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What are likely the most new sheriffs in recent memory will take office Jan. 1 in major areas of North Dakota.

Six incumbents were defeated for re-election while eight chose not to run. The new sheriffs will take the reins for Bowman, Burke, Burleigh, Cass, Divide, Dunn, Grand Forks, McKenzie, Mountrail, Renville, Rolette, Slope, Stark and Ward counties.

Those counties include four that have more than half the state’s population, in addition to a swath of North Dakota’s oil patch.

Burleigh County Chief Deputy and Sheriff-elect Kelly Leben is part of the crop, succeeding three-term incumbent Pat Heinert, who is also a state legislator. 

But Leben is no newcomer. He's had 28 years with his department, much like his incoming colleagues throughout the state, he said. 

"Even though it's a change, there's still a lot of experience to draw from," Leben said. 

North Dakota Attorney General Wayne Stenehjem agreed. The state's sheriffs work closely through the North Dakota Sheriffs and Deputies Association and the North Dakota Association of Counties, with trainings and in drug task forces around North Dakota, he said.

"You can't just silo yourself in your own county anymore," Stenehjem said. "So many of the crimes that we see are multijurisdictional." 

While western North Dakota has shot up in population from the Bakken oil boom, the area isn't worse than elsewhere in the state for drug arrests or violent crime, according to statistics Stenehjem released in June.

"Homegrown" criminals remain a problem in North Dakota, he said. Drugs such as methamphetamine, heroin and fentanyl are all out there, too.

"And all of those things drive a lot of the other crimes that you see — the assaults, the aggravated assaults, the burglaries," Stenehjem said. 

Law enforcement has worked together for other reasons, too, such as sharing regional jails and joint operations.

Many sheriffs' departments around North Dakota and the United States came to aid Morton County at the height of the Dakota Access Pipeline protests, from August 2016 to February 2017.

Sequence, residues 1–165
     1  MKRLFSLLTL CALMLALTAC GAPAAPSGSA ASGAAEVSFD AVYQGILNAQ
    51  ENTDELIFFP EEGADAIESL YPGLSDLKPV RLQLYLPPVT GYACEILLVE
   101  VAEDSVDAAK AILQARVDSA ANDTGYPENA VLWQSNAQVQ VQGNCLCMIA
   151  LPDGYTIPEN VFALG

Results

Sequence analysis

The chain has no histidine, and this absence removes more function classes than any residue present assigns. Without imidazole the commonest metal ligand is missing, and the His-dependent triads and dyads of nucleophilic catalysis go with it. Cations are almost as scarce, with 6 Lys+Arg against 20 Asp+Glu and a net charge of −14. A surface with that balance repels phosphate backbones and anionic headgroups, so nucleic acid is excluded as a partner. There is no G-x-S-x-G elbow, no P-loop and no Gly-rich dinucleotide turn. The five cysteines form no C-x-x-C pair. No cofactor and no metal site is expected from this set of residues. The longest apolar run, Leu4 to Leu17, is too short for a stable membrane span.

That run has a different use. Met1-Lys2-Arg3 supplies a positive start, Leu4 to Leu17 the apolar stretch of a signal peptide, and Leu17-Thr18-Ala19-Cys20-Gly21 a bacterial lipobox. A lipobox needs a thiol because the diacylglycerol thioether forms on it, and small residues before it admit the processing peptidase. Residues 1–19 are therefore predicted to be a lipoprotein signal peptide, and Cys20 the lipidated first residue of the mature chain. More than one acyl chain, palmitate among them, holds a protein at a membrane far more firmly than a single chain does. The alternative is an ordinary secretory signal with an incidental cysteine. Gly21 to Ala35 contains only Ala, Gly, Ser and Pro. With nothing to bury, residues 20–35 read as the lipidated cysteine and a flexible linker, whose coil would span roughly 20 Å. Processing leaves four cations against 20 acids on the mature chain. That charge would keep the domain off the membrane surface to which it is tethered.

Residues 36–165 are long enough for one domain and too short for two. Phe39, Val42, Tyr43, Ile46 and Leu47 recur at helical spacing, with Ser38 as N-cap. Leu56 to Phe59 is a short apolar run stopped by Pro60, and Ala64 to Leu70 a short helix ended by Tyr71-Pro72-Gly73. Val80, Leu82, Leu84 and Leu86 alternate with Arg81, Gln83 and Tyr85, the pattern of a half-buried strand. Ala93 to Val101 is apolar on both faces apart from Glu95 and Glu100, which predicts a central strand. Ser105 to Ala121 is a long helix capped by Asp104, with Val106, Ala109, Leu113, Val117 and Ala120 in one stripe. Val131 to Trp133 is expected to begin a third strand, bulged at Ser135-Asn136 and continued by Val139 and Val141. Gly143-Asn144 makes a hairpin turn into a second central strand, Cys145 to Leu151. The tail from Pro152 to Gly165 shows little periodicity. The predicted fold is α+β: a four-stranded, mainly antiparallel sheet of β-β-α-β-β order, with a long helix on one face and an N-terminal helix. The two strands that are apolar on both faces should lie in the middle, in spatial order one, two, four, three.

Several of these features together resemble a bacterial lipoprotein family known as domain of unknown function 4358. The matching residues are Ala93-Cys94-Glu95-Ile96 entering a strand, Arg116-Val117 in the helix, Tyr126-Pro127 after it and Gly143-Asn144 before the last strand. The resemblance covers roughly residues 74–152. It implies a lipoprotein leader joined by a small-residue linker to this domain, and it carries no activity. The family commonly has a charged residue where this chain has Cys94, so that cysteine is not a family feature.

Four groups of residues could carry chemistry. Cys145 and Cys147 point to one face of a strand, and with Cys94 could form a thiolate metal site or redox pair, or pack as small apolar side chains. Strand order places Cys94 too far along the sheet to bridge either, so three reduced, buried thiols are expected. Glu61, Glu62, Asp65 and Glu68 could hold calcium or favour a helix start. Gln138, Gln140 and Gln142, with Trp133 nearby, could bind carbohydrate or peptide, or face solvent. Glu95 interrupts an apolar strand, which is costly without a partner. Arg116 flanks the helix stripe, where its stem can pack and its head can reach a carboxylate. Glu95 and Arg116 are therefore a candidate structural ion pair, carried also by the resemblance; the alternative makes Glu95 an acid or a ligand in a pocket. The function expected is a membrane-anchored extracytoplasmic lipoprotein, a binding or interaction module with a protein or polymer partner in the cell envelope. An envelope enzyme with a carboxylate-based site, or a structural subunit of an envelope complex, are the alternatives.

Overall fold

"That really showed the strength of how our counties worked together and were able to assist one another when another one was in need," said Donnell Preskey, executive director of the North Dakota Sheriffs and Deputies Association, which holds quarterly meetings.

Leben, 52, said Burleigh and Morton counties have worked closely together in law enforcement, from sharing a new jail to dive and rescue operations. He also said he and Morton County Sheriff Kyle Kirchmeier have worked together in some capacity throughout his career. Kirchmeier won re-election in November.

"On day one, we'll be able to work together," Leben said.

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But why so much turnover at once? 

"We had a good crop of sheriffs for many, many years, and they all reached retirement and they all moved on, kind of in one fell swoop," said Aaron Birst, legal counsel for the North Dakota Association of Counties. 

Some counties with defeated incumbents have seen political drama, such as when 10 deputies left the McKenzie County Sheriff's Office after Sheriff Gary Schwartzenberger was reinstated after removal proceedings in 2017. 

Divide County is seeing a similar exodus after the election of its new sheriff. And Ward County also was embroiled in removal and criminal proceedings for a former sheriff in recent years. 

Birst said such situations are rare, while Stenehjem said local voters generally take care of controversy. 

In 18 years as attorney general, Stenehjem said he hasn't seen such turnover in sheriffs, especially for virtually every major county but Stutsman. 

"Fortunately, they're a cohesive group," Stenehjem said. "They work together, and that's a good thing, and I think that'll continue."

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Reach Jack Dura at 701-223-8482 or jack.dura@bismarcktribune.com.

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Capitol Reporter